There has been much bitter debate about gun control following the Orlando shooting. The murderer, Omar Mateen who was a security guard, legally purchased a Sig Sauer MCX .223-caliber rifle and a Glock 17 9mm semi-automatic pistol to murder 49 people and wound 53 more at the Pulse nightclub. The FBI had investigated the killer three years earlier to the bloody massacre, but they found nothing to charge him with. This week there was a sit-in protest by Democratic lawmakers who demanded stricter gun control measures. Now Hawaii has become the first state to require gun owners to be registered into the FBI database. On Thursday, the landmark legislation was signed by David Ige, the Democratic Governor of Hawaii.
“This will allow county police departments in Hawaii to evaluate whether the firearm owner may continue to legally possess and own firearms,” the Hawaii governor’s office said in a statement.
“This is about our community’s safety and responsible gun ownership,” Ige said in a statement. “This system will better enable our law enforcement agencies to ensure the security of all Hawaii residents and visitors to our islands.”
The new bill allows the U.S. government to monitor gun owners for crimes committed not only in the state of Hawaii, but for anywhere in the country. Hawaii already requires all guns to be registered, but now they will be registered into a database that is a criminal monitoring service. The database is called the “Rap Back” system, and it is operated by the FBI. The system would notify police when a gun owner is arrested for a crime anywhere in the United States.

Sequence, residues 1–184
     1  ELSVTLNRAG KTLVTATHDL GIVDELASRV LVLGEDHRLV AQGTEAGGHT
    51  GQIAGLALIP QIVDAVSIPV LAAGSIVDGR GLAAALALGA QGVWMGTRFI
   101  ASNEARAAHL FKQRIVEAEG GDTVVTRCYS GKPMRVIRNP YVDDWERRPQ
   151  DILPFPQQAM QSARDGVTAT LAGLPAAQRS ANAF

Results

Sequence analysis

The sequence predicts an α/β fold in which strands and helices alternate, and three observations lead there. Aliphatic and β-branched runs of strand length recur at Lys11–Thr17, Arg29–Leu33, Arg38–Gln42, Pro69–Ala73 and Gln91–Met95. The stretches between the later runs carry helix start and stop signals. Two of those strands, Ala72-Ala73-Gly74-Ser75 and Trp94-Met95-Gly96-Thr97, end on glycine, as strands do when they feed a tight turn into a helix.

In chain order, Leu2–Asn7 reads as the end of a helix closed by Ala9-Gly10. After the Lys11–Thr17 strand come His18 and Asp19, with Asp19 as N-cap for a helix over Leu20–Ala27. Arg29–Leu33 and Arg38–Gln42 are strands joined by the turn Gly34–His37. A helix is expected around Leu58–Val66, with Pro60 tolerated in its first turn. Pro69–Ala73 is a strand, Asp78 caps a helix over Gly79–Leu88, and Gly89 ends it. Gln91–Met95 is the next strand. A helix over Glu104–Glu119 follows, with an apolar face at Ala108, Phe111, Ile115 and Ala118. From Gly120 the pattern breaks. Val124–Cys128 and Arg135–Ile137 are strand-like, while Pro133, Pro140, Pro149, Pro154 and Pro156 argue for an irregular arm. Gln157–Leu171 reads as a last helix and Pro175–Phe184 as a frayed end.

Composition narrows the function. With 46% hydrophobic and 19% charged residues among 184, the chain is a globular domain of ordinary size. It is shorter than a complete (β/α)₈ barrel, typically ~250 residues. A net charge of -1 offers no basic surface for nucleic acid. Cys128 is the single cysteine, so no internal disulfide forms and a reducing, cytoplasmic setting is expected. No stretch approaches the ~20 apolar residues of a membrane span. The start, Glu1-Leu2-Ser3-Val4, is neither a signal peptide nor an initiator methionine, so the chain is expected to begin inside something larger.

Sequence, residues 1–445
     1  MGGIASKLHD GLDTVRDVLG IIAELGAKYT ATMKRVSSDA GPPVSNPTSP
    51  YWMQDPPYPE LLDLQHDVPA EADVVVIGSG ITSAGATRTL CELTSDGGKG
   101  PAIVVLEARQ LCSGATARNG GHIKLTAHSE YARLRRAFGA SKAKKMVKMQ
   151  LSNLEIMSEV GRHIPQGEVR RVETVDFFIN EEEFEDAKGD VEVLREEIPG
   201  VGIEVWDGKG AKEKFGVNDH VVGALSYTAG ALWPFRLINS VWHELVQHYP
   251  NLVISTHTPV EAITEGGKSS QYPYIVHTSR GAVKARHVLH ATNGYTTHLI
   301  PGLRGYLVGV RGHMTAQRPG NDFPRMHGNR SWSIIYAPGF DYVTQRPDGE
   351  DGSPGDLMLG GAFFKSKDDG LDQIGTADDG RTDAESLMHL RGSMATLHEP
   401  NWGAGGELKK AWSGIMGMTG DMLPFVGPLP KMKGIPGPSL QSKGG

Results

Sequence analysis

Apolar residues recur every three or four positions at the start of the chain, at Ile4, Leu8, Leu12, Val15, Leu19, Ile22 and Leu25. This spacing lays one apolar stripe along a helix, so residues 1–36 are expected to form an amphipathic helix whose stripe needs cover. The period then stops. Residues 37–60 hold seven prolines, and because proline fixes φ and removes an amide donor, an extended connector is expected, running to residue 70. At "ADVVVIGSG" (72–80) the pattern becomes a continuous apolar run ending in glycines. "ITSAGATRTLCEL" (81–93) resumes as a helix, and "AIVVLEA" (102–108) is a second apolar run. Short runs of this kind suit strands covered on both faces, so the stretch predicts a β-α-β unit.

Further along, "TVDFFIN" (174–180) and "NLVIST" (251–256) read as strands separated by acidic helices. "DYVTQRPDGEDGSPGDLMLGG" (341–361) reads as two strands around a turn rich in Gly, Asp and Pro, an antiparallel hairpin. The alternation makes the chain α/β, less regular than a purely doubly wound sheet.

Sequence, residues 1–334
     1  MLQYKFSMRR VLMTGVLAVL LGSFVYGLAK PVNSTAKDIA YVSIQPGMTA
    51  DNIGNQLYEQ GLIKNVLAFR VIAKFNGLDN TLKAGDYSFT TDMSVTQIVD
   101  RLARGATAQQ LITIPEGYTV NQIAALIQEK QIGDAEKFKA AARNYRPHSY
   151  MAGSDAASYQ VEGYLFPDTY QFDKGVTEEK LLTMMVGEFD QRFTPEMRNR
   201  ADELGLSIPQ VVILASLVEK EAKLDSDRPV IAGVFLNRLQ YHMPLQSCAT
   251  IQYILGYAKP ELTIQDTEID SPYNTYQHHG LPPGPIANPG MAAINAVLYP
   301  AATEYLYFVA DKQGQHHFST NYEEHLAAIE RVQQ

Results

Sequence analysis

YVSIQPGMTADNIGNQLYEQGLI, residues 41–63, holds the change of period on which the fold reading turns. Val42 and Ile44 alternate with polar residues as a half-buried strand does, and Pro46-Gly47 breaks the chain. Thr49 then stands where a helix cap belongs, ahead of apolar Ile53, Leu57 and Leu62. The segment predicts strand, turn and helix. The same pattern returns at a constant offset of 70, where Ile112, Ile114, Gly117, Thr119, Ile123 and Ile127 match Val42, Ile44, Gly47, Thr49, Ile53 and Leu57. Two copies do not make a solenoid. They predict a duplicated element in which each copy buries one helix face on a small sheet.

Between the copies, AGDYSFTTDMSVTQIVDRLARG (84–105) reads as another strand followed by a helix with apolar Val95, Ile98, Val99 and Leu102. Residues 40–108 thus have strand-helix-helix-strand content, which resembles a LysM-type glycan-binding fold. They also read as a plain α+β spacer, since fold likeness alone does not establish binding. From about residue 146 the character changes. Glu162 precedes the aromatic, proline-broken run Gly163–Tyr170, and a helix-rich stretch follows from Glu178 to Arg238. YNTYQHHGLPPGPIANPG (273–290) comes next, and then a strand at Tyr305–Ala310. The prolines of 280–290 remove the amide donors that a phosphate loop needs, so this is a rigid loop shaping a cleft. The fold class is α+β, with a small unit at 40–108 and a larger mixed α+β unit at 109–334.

The bill, as with anything to do with guns in the United States, is extremely controversial, and many are questioning the legality of the new bill. Many believe that the bill is just another tactic by the U.S. government to invade privacy. Some question why a law-abiding citizen who is exercising a constitutional right should be entered into a criminal database.
The NRA quickly sounded off against the bill on Twitter.
“As you can imagine, the NRA finds this one of the most extreme bills we’ve ever seen,” said Amy Hunter, a spokeswoman for the National Rifle Association’s institute for legislative action.
Maj. Richard Robinson from the Honolulu Police Department defended the law, which goes into effect immediately. “As a result, the county police departments have no way of knowing if a current Hawaii firearm owner has been convicted of a crime in another state that would prohibit him or her from owning a firearm,” Robinson said.
Hawaii Senator Will Espero, a Democrat who co-authored the law and owns a gun, called it “common sense legislation that does not hurt anyone.”